• 03 OCT 2011
By Glen Owen | Mail Online
It has been nearly four decades since the voice of the British people was last heard on Europe, when the pro-Common Market lobby won a 67 per cent majority in the 1975 referendum, two years after Edward Heath had taken us into Europe.
But as the binds with Brussels have grown tighter, through a series of treaties voted through the Commons, anti-integration campaigners have kept up relentless pressure for a fresh vote.
When Margaret Thatcher came to power in 1979, she famously demanded a rebate on the UK’s contributions to the EU budget, which she secured five years later. But it was Labour that called for our withdrawal from the EEC in its doomed 1983 Election manifesto.
In 1987, despite her instinctive Euroscepticism, Thatcher signed the Single European Act: its creation of an internal market and deepening of integration was the biggest loss of British sovereignty since Heath signed the Treaty of Rome.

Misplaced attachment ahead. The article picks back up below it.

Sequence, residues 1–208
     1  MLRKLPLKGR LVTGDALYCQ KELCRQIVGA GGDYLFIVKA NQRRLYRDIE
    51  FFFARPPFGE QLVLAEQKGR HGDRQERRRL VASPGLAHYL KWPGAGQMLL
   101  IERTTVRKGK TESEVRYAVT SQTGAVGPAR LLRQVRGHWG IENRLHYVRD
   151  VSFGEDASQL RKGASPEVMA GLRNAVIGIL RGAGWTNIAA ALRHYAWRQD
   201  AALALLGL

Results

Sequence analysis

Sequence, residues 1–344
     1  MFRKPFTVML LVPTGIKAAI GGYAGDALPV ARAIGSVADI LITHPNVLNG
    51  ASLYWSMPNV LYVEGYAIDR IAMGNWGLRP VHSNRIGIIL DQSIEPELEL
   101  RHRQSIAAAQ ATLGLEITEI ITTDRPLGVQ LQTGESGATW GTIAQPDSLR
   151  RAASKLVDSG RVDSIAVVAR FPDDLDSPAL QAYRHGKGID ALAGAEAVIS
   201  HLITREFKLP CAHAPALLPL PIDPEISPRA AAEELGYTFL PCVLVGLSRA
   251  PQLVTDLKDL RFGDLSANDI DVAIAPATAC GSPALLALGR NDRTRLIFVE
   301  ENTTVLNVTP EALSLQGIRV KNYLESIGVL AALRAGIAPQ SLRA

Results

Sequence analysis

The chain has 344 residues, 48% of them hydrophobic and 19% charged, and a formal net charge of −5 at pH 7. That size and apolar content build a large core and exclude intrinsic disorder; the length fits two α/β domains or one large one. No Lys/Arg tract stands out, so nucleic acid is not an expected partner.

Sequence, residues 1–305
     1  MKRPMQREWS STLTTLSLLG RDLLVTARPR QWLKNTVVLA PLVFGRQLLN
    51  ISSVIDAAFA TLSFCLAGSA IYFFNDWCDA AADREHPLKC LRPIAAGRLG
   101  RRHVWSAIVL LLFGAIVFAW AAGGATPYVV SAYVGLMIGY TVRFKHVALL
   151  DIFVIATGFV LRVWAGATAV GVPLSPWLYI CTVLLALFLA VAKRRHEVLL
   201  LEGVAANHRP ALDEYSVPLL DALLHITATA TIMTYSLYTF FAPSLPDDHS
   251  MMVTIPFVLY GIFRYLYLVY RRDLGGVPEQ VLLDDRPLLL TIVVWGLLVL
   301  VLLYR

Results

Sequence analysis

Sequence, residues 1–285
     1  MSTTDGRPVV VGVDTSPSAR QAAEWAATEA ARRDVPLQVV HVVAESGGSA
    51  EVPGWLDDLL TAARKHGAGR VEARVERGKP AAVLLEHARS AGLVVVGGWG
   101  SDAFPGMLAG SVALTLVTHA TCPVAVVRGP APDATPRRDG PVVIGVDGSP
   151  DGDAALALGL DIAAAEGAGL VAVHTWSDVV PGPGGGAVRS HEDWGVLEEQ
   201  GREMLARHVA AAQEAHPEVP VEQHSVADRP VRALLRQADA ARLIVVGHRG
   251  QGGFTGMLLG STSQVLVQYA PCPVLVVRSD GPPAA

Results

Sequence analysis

In 1992, John Major triggered turmoil in the Tory Party by signing the Maastricht Treaty, which created the European Union and laid the ground for a single currency. Major secured a British opt-out from the euro, and promised we would not join the currency without a direct mandate from voters.
A hard core of 22 rebels refused to support Major in a series of Commons votes at a time when his majority was just 18. The knife-edge votes came close to bringing down the Major administration, but at no stage was a referendum voted on in the Commons.
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Forget the conference smiles. The Tories are deeply split